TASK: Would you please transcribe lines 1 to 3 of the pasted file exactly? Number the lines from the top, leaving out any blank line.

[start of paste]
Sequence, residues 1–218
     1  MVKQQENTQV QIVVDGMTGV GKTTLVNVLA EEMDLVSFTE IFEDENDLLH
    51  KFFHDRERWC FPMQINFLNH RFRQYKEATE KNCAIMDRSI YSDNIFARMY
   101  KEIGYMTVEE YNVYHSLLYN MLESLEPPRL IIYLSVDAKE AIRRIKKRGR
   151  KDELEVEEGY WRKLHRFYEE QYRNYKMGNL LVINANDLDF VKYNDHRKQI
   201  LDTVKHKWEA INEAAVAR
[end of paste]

Sequence, residues 1–218
     1  MVKQQENTQV QIVVDGMTGV GKTTLVNVLA EEMDLVSFTE IFEDENDLLH
    51  KFFHDRERWC FPMQINFLNH RFRQYKEATE KNCAIMDRSI YSDNIFARMY